But I have to admit I'm disappointed.
After the furor whipped up by the New York sports media over Mets' then-GM Steve Phillips passing on the chance to trade A-Rod back when the Rangers were shopping him around -- saying that Rodriguez wanted perks that would have created a team of 24+1 -- I started to sour on A-Rod. Before that I had kind of liked him, but as he basked in the glow of both the $25-million-plus he was getting paid plus the "glory" of being with the Yankees, he became really irritating with his obsession with being seen in the best light by the media and the fans. Now I guess we all know why...
But I'm disappointed because, although I had come to dislike Rodriguez, I got the impression that he really was clean. I've even gone on record on this blog, in earlier messages on the Bonds situation, praising Rodriguez for being clean. Now that he's admitted to juicing, it raises a lot more questions:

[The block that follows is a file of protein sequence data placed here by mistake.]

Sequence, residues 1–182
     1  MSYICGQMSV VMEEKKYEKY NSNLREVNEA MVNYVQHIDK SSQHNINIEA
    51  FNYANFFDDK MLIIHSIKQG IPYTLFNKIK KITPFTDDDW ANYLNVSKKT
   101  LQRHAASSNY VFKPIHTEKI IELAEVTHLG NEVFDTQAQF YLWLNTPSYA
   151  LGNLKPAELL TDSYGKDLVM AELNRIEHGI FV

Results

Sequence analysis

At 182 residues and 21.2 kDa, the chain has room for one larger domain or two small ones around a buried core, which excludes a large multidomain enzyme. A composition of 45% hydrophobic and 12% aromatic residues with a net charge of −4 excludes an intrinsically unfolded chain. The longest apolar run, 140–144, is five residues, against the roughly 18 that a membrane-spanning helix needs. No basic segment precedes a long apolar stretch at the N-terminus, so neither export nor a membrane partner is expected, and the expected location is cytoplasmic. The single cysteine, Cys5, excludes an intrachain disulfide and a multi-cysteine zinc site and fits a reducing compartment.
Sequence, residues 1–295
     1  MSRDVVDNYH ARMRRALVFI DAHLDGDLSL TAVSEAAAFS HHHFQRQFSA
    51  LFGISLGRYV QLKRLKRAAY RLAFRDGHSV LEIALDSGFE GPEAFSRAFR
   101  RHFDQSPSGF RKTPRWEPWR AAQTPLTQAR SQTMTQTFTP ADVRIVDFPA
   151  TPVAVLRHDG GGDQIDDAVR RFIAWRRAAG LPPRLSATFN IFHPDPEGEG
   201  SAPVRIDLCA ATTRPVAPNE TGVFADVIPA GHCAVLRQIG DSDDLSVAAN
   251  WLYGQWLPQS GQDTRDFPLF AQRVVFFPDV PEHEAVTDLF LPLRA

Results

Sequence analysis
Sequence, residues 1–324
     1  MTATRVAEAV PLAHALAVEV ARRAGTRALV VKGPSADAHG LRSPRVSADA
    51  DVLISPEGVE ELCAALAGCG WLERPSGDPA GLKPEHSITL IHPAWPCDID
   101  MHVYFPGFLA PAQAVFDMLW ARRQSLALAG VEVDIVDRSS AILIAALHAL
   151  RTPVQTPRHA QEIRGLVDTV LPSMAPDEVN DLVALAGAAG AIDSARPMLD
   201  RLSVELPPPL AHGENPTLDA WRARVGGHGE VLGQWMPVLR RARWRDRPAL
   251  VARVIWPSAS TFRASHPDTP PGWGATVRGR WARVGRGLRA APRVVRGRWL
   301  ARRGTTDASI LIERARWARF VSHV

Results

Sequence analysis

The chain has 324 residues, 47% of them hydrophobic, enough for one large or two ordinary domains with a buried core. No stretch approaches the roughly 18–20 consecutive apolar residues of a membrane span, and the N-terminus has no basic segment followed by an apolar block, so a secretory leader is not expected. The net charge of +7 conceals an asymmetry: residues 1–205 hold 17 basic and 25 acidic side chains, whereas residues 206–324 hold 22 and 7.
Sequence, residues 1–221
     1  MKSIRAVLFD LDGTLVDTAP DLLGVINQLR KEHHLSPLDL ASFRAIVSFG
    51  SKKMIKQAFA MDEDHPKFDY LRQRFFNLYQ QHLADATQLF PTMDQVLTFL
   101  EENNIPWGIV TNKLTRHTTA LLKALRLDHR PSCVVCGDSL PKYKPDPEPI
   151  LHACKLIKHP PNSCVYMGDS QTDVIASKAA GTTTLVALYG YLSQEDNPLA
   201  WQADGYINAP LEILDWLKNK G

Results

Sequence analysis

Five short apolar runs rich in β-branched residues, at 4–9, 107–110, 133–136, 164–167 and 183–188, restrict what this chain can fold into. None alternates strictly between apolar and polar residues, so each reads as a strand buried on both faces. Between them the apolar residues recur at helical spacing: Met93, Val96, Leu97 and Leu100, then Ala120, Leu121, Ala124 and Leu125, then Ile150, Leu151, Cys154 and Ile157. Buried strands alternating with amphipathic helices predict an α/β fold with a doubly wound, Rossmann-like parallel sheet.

- Was he really using for only those three years?
- Why did this supposedly confidential information get out? Who put his name out there? Why now, so much later?
- What other supposedly confidential info from that survey is about to come out?
- How does baseball think it will get cooperation from players in any other matter that's supposed to be confidential?
- When will these overpaid-idiot players realize that they're under so much scrutiny because the leaders of their union have always pushed them to refuse to cooperate with investigations? The word is that they're scared of Don Fehr and Gene Orza, but let's face it, if enough of the players want them out, what power do Fehr and Orza really have?
I, for one, will be glad when this whole mess is over, and we're no longer hearing about steroids in baseball -- or in any sport, for that matter.